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J Voice. 2018 May 11. pii: S0892-1997(18)30112-7. doi: 10.1016/j.jvoice.2018.04.016. [Epub ahead of print]

A Comparison of Voice Activity and Participation Profiles Among Etiological Groups.

Author information

1
Department of Otorhinolaryngology, The Institute of Logopedics and Phoniatrics, Yonsei University College of Medicine, Seoul, Republic of Korea; Graduate Program in Speech and Language Pathology, Yonsei University, Seoul, Republic of Korea. Electronic address: slplee@yonsei.ac.kr.
2
Department of Otorhinolaryngology, The Institute of Logopedics and Phoniatrics, Yonsei University College of Medicine, Seoul, Republic of Korea.
3
Graduate Program in Speech and Language Pathology, Yonsei University, Seoul, Republic of Korea; Department and Research Institute of Rehabilitation Medicine, Yonsei University College of Medicine, Seoul, Republic of Korea.

Abstract

OBJECTIVES:

The purpose of this study was to determine whether patients with functional voice disorders show voice activity and participation profiles different from those of the organic and neurogenic groups.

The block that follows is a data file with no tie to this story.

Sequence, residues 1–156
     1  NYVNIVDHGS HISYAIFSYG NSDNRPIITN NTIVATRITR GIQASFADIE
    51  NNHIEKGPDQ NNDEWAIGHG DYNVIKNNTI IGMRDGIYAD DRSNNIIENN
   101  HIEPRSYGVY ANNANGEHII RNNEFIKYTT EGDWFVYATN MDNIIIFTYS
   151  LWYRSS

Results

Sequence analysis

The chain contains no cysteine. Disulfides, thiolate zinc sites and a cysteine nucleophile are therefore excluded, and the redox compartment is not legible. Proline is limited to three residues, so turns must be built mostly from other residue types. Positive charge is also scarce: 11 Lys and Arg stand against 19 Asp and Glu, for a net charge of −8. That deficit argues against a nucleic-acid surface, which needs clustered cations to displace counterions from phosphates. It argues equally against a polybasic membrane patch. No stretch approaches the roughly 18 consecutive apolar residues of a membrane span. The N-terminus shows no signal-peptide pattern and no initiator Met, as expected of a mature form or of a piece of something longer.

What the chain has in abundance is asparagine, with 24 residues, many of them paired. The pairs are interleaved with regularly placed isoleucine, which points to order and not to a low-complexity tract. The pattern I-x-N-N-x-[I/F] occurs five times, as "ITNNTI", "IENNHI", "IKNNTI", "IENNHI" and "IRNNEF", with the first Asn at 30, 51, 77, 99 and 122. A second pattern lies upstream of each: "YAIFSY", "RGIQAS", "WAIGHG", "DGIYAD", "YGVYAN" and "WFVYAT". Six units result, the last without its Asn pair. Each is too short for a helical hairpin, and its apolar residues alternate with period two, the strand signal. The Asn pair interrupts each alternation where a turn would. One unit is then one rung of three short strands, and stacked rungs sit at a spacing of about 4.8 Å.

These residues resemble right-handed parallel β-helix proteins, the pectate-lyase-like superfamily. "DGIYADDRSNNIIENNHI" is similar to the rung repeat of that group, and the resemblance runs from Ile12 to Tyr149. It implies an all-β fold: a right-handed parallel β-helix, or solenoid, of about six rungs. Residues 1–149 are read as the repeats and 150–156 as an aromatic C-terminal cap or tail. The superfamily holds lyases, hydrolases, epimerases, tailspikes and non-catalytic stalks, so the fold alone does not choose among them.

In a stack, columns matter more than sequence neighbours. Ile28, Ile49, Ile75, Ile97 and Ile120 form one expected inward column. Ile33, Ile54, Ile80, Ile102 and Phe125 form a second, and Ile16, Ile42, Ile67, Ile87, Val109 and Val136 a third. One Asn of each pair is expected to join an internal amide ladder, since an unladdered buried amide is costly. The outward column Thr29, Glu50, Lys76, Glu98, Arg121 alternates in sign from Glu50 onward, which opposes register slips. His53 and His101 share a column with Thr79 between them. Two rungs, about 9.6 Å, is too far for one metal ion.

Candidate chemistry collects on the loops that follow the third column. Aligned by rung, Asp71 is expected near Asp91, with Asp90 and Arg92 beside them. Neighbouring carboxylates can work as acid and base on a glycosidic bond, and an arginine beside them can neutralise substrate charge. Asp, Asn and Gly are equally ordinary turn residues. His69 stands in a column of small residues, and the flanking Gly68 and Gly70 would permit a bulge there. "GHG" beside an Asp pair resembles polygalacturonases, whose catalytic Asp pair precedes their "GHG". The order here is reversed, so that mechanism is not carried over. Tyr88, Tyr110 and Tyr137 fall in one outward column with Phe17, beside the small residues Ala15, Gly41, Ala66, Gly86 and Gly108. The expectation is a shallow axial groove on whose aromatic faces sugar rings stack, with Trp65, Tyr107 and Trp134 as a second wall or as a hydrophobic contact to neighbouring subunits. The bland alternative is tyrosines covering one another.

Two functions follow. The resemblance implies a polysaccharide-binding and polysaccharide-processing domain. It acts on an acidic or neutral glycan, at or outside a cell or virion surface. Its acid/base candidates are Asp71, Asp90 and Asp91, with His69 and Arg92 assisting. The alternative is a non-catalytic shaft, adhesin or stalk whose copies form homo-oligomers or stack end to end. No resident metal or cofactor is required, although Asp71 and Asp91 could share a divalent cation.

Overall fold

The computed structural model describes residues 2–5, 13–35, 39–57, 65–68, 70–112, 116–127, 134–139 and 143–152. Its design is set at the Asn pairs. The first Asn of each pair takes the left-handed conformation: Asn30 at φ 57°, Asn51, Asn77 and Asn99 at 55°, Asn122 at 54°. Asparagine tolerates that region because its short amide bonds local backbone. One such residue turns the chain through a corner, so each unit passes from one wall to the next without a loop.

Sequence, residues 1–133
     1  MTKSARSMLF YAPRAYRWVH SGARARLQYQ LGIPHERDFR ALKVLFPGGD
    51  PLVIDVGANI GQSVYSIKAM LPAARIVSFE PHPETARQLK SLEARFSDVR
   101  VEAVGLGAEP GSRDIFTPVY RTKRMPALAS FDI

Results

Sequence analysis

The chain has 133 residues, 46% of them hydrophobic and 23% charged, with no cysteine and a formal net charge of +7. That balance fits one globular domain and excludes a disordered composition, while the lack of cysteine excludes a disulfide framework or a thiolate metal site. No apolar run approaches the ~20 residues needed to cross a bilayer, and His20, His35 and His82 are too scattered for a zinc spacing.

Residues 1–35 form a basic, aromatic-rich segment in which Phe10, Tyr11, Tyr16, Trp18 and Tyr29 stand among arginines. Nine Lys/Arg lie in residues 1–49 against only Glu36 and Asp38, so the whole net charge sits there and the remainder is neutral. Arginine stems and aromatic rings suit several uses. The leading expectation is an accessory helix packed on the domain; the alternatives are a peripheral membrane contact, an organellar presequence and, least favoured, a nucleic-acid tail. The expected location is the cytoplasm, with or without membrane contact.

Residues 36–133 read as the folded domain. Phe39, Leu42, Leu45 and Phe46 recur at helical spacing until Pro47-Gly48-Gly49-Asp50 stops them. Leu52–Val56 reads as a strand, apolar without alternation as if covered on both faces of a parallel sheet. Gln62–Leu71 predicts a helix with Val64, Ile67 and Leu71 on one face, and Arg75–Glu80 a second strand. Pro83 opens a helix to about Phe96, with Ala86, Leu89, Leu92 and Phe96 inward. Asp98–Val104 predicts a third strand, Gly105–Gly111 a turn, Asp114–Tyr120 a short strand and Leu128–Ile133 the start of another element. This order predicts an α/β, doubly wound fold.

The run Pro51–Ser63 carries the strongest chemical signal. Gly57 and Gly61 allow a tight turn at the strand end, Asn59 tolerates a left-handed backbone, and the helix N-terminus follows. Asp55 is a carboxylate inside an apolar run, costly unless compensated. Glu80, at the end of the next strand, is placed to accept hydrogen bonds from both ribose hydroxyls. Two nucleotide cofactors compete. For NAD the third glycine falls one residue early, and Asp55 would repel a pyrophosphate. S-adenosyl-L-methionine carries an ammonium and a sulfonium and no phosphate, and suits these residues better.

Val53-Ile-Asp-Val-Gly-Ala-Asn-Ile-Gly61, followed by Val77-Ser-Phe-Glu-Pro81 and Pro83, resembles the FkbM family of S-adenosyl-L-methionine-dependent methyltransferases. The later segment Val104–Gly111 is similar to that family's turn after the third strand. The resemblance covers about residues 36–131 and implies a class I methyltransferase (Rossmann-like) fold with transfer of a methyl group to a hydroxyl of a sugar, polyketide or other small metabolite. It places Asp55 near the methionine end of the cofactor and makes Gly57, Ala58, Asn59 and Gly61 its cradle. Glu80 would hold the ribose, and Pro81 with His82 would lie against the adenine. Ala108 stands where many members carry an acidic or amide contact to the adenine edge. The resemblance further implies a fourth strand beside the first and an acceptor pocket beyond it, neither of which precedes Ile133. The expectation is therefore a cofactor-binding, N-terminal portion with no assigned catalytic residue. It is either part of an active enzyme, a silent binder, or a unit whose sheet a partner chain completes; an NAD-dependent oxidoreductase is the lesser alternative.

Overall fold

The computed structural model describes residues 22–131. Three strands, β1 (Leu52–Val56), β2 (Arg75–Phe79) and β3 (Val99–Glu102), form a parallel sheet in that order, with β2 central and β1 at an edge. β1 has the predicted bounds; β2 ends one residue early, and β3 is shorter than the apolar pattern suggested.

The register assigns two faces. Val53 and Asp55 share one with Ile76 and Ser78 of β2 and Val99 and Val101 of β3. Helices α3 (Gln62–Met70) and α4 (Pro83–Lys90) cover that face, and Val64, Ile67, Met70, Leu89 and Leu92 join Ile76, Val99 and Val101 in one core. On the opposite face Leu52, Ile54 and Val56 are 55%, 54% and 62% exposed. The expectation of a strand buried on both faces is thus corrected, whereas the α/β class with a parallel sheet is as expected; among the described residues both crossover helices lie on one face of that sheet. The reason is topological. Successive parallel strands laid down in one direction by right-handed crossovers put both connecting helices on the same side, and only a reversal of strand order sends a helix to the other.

METHODS:

The Korean Version of the Voice Activity and Participation Profile (K-VAPP) was administered to 200 participants (150 patients with functional, organic, and neurogenic voice disorders, 50 for each etiological group, 50 controls without vocal complaint). The K-VAPP subscale scores of the etiological groups were compared, controlling for age, professional use of voice, and severity of voice disorder measured by overall severity of the Consensus Auditory-Perceptual Evaluation of Voice (CAPE-V).

RESULTS:

Results of a one-way analysis of variance indicated significant differences in the overall severity across groups (neurogenic > functional = organic > control). Among four groups, the organic group showed higher mean Z-scores of the K-VAPP than the control group, and the functional group showed higher mean Z-scores of the K-VAPP than the organic group. Compared with the neurogenic group, the functional group showed lower mean Z-scores for total score, Activity Limitation Score, SUB3, and SUB5. A comparison among three etiological groups showed that the functional group did not show higher scores than the organic group. On the contrary, the functional group showed a lower total score, Participation Restriction Score, and score for subsection 3 (effect on daily communication) than the neurogenic group.

CONCLUSIONS:

Psychometric assessment of voice disorders using the K-VAPP could provide clinicians with baseline information that is applicable to various voice disorders. Further studies pertaining to the follow-up of voice disorders with various etiologies are needed to extend its clinical usefulness.

KEYWORDS:

Activity limitation; Etiology; Participation restriction; Psychometric assessment; Voice disorders

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